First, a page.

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On March 2, 2021, the Lebanese pound hits a new record low against the United States dollar on the black market. This is a result of the country’s multiple crises deepening with no prospects for a new Cabinet in the near future.

The crash of the local pound has resulted in a sharp increase in prices led to the outbreak of small protests in different parts of Lebanon on Tuesday.

A scarcity of laborious foreign money has additionally led to delays within the arrival of gas shipments, resulting in extra prolonged energy cuts across the nation.

Lebanon one of the nations on the planet that’s depending on gas oil and diesel oil to obtain electrical energy.

Lebanon has been affected first by the outbreak of anti-government protests in opposition to the nation’s corrupt political class in October 2019. That has been compounded by the coronavirus pandemic and a large blast in Beirut’s port final August that decimated the ability.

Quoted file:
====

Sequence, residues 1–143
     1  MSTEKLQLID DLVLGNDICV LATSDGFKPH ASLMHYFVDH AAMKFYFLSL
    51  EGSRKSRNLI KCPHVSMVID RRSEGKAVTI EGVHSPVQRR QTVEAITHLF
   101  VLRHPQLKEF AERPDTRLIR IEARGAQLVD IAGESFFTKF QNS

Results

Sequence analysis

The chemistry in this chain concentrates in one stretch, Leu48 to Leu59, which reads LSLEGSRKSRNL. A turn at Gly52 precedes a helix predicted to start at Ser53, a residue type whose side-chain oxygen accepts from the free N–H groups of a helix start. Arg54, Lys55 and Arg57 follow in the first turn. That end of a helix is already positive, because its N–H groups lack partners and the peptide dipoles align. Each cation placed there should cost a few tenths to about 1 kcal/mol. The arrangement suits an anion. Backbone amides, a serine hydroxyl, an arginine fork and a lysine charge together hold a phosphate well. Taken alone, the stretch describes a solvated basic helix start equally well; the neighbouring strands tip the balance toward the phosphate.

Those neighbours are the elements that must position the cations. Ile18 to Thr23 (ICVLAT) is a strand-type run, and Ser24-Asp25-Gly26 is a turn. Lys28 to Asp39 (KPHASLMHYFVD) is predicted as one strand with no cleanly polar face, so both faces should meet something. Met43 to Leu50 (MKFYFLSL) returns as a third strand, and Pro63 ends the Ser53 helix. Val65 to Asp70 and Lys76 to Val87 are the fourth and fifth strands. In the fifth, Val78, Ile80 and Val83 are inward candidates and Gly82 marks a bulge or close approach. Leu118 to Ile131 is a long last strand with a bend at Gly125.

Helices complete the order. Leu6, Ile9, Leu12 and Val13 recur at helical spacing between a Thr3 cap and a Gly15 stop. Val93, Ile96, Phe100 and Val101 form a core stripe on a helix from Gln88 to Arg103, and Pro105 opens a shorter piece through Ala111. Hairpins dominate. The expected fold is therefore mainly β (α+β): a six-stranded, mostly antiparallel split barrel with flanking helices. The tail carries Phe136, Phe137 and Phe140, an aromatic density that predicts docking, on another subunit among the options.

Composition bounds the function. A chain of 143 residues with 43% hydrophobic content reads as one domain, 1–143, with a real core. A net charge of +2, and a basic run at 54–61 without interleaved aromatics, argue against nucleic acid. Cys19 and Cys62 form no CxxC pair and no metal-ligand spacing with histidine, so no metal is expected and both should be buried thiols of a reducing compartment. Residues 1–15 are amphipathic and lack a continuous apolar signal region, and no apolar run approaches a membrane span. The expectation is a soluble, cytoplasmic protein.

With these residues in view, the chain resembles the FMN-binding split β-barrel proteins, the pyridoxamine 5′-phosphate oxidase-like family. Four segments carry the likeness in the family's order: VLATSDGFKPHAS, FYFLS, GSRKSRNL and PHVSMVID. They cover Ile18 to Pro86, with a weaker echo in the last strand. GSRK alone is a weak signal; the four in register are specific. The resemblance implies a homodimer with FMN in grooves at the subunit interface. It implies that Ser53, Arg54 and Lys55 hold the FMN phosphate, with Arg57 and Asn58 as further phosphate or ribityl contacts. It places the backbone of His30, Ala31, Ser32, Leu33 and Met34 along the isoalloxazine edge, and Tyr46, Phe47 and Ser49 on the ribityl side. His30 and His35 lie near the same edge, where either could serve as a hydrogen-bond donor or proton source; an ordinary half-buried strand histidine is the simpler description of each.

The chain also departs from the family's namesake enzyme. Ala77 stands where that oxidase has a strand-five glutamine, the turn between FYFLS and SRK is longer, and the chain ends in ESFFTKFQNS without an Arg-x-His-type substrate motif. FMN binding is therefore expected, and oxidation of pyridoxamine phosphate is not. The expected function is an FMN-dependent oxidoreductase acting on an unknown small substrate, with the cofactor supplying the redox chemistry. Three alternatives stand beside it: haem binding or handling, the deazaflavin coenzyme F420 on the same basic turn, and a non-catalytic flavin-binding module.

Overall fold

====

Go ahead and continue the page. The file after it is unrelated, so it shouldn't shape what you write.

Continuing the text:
In Syria where the economy has been ravaged by a 10-year conflict, corruption, and Western sanctions, the dollar also hit a record on Monday, reaching nearly 3.900 Syrian pounds. The economies of Syria and Lebanon are connected. Many Syrians have had their money blocked in Lebanese banks that have implemented harsh capital controls to stem the outflow of dollars. Lebanon has also been in desperate need of foreign currency, but international donors have said they will only help the country financially if major reforms are implemented to fight widespread corruption.

The problems of the Lebanese pound also came after an end-of-February deadline for the country’s banks to raise their capital after they were hit hard by the crisis.

Lebanese business writer Hala SAGHBINI wrote on tweeter: “The dollar is equal to 10,000 pounds. People are hungry, prices are flying and there is no electricity”. “We want a government immediately. Enough humiliation of the people”.

In December 2020, the World Bank warned that Lebanon’s economy faces an “arduous and prolonged depression”, with the GDP projected to plunge by nearly 20 % because the country’s politicians refuse to implement reforms that would speed up its recovery.

In March 2020, Lebanon defaulted for the first time ever on a payment on its massive debt amid ongoing popular unrest. Lebanon’s debt reached $90bn or 170 % of GDP, which is one of the highest in the world.

This article was edited using the data from the,,, and

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